Julie - Rexburg
Entered on October 22, 2008
Age Group: 18 - 30
Themes: family, pleasure
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I believe in 4 scoops of ice cream, 2 cups of milk, a tablespoon of malt, and some chocolate syrup. I believe in milkshakes.

As a young girl, my dad was my hero, my fan, and my friend. And as best friends do, we shared secrets. He wouldn’t tell my mom that I skipped Sunday school to go ride the horses, and I wouldn’t tell her that he took me. He promised not to tell my brother that I put the salamander in his bed; I promised not to tell that it was his idea.

However, there was one secret that he kept from me until I was ready to receive it. I had seen this secret turn frowns upside down. It brought teenagers out of their bedrooms. It peeled eyes off of Donkey Kong. It dissolved dire amounts of contention. Man, I thought it was the cure for everything. Coveted by all, experienced by many, and known by one, it was my Dad’s secret milk shake recipe.

When I finally got to be the heir to this art, he said it was because I had come of age. I knew that he had simply lost all resistance to my big brown eyes. Milk shake building became our thing: One not without the other, nor the other without the one. Building. “Men don’t make or cook things. They build them.” As we went on building milkshakes, which were a vehicle to our happiness, things were also were being built in his body, which were the vehicle to his death. The secret that he wasn’t going to make it was the last one that he kept from me.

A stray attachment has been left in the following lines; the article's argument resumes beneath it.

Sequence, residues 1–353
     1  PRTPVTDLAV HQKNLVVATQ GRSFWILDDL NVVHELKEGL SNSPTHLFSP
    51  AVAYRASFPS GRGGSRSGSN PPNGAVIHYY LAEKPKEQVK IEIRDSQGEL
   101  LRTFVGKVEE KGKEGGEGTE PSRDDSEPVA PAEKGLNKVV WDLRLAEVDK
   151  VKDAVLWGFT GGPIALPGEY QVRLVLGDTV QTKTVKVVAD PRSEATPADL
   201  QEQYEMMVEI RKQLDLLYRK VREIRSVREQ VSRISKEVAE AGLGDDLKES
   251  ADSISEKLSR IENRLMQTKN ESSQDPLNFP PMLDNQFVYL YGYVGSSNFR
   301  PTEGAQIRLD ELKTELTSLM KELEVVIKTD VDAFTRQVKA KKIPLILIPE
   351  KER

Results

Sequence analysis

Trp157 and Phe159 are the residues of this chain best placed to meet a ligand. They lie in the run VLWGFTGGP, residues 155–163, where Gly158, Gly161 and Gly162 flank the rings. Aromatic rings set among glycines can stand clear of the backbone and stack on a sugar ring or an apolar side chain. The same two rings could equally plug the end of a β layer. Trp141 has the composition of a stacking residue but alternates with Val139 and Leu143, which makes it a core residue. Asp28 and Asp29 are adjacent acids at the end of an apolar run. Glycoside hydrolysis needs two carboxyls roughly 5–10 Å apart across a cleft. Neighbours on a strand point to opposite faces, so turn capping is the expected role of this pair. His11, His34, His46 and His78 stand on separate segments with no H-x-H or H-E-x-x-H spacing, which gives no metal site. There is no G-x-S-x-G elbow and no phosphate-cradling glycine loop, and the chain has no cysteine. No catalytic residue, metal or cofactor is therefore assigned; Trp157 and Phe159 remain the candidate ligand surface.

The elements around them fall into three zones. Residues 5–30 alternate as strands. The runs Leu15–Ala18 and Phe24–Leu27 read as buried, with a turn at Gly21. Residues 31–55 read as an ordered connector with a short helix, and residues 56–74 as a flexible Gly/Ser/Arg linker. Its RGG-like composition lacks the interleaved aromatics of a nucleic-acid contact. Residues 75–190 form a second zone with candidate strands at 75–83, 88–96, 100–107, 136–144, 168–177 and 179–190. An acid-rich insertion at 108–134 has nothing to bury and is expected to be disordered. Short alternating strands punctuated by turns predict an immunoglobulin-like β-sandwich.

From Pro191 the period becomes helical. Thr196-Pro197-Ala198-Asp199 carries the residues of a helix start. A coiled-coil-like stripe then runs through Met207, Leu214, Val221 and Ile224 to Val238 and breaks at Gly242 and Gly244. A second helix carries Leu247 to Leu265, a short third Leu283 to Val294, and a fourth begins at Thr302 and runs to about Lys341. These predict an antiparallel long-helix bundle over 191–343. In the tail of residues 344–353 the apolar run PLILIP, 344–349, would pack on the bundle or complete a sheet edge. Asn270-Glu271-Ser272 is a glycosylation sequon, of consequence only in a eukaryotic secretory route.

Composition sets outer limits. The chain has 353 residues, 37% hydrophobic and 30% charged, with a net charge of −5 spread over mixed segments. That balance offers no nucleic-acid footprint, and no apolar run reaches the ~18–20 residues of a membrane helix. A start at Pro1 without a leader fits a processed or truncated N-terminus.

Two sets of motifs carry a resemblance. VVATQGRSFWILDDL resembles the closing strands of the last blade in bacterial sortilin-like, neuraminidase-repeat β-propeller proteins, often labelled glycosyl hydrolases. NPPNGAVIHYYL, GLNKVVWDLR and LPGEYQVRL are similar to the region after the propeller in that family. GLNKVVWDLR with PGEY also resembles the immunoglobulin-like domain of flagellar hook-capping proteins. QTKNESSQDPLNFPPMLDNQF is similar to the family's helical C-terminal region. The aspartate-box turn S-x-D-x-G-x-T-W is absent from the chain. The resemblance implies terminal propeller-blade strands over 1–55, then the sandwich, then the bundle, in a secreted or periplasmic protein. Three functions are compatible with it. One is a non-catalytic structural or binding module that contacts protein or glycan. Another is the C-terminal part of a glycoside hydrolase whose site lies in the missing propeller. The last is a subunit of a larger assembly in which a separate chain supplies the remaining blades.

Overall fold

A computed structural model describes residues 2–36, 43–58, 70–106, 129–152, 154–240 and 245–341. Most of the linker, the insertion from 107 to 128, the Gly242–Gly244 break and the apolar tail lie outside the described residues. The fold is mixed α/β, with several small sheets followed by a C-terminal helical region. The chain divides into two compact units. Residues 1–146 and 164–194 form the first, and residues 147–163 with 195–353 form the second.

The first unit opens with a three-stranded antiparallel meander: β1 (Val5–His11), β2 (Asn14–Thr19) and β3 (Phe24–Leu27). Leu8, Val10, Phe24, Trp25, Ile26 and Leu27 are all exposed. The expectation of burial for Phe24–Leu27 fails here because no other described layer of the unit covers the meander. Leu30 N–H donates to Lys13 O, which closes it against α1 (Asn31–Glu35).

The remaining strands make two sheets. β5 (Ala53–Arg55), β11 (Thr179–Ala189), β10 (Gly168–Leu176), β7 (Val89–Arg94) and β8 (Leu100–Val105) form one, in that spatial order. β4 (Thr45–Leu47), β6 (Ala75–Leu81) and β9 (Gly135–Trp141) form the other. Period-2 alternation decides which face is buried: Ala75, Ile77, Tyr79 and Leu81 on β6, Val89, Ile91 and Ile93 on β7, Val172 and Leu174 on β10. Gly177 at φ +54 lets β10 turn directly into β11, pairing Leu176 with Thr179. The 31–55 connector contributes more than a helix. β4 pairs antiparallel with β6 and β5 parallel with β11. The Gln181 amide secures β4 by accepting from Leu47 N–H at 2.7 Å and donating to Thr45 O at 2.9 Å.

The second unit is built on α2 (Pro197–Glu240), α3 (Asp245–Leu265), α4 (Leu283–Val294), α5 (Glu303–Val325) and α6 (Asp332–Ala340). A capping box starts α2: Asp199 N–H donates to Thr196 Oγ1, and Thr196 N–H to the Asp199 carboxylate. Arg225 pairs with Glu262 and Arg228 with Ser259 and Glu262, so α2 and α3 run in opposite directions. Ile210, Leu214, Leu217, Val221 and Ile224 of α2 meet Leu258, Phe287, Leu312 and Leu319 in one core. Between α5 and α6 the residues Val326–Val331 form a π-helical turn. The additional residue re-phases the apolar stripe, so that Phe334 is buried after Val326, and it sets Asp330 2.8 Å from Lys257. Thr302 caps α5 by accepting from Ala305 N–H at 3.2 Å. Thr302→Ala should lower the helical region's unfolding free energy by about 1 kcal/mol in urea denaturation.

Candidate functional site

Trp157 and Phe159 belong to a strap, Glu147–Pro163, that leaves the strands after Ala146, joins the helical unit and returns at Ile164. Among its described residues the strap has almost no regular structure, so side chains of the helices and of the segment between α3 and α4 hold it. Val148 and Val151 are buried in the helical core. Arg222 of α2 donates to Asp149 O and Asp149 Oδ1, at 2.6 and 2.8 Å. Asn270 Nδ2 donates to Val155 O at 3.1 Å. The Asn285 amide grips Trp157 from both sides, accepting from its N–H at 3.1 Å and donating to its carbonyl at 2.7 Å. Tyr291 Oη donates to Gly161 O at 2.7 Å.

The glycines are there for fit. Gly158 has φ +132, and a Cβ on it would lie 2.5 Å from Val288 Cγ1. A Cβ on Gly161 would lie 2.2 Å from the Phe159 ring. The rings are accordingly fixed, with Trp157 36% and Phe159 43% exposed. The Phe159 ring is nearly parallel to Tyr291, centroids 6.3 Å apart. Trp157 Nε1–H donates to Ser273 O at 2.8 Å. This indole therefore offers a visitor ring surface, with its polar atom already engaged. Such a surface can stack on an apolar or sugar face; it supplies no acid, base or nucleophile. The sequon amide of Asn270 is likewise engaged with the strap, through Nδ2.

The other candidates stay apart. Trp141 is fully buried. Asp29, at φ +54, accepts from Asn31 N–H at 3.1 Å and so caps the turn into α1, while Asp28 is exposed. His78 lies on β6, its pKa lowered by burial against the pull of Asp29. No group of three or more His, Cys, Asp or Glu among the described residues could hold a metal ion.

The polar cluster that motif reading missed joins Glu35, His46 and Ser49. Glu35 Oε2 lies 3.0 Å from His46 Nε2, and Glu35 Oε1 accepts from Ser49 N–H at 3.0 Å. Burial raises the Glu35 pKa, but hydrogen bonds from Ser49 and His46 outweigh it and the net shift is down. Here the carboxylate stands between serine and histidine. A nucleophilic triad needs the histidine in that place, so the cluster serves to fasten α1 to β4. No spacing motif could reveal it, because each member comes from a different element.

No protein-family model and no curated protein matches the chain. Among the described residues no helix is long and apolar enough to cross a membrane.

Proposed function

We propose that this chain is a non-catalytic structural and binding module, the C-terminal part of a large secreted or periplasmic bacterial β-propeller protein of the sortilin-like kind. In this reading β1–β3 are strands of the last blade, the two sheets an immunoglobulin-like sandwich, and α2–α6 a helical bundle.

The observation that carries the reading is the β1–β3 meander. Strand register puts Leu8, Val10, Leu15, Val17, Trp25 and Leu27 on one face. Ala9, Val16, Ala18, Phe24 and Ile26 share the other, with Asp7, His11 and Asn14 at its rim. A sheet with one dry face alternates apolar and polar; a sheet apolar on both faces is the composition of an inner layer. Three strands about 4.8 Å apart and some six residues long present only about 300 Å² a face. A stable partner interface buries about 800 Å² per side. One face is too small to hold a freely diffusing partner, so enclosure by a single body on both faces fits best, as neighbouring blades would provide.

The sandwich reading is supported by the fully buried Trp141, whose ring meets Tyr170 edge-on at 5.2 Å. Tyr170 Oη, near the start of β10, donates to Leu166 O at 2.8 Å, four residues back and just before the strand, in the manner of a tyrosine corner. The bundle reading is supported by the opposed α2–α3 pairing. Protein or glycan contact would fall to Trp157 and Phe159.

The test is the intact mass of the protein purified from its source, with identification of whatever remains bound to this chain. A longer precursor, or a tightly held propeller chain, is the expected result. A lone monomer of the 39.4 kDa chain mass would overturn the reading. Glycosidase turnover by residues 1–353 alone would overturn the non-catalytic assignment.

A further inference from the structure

My dad died of cancer at the age of forty-two. For the three painful years that he battled it, I was his milk shake manufacturer. I believe in milk shakes. Beliefs stem from knowledge.

I know that he woke up and smiled every time I touched his hand with a cold glass. I know that his favorite flavor was a chocolate and raspberry blend. I know that nearing the end those were the only things he would eat. I know that he probably didn’t eat even half of the overwhelming amount I would make in a day, but I know that he pretended because he saw and appreciated the real ingredients that I put in them: Four cups of love, two cups of compassion, a tablespoon of my desire to serve, and some chocolate syrup.

I believe in milkshakes because of their variability of ingredients and their common goal. I haven’t used the secret milkshake recipe since my dad passed away. I now use my own. I volunteer. I donate blood. I raise money. I pick up hitchhikers. I listen. I give bear hugs. I bring chicken noodle soup. I do whatever it takes to meet that common goal of milkshakes: leaving the consumer better off than they started.

Hand out milkshakes to family, friends, neighbors, and even strangers; this I believe.